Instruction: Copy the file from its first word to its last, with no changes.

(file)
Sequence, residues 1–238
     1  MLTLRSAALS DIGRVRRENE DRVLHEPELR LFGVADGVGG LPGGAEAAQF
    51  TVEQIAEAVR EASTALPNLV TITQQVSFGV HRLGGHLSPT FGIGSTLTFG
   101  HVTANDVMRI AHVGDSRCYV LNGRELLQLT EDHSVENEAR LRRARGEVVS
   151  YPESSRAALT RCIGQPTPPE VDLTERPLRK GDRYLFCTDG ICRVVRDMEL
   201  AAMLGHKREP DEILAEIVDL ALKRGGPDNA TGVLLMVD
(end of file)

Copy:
Sequence, residues 1–238
     1  MLTLRSAALS DIGRVRRENE DRVLHEPELR LFGVADGVGG LPGGAEAAQF
    51  TVEQIAEAVR EASTALPNLV TITQQVSFGV HRLGGHLSPT FGIGSTLTFG
   101  HVTANDVMRI AHVGDSRCYV LNGRELLQLT EDHSVENEAR LRRARGEVVS
   151  YPESSRAALT RCIGQPTPPE VDLTERPLRK GDRYLFCTDG ICRVVRDMEL
   201  AAMLGHKREP DEILAEIVDL ALKRGGPDNA TGVLLMVD